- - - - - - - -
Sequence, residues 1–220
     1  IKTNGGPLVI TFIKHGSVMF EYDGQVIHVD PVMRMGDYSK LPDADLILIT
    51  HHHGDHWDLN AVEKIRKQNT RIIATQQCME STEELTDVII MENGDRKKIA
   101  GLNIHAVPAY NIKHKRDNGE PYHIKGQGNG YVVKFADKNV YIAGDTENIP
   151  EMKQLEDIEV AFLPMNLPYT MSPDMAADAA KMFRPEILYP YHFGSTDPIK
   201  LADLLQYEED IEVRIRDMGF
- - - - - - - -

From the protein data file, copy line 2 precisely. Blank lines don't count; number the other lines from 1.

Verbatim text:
     1  IKTNGGPLVI TFIKHGSVMF EYDGQVIHVD PVMRMGDYSK LPDADLILIT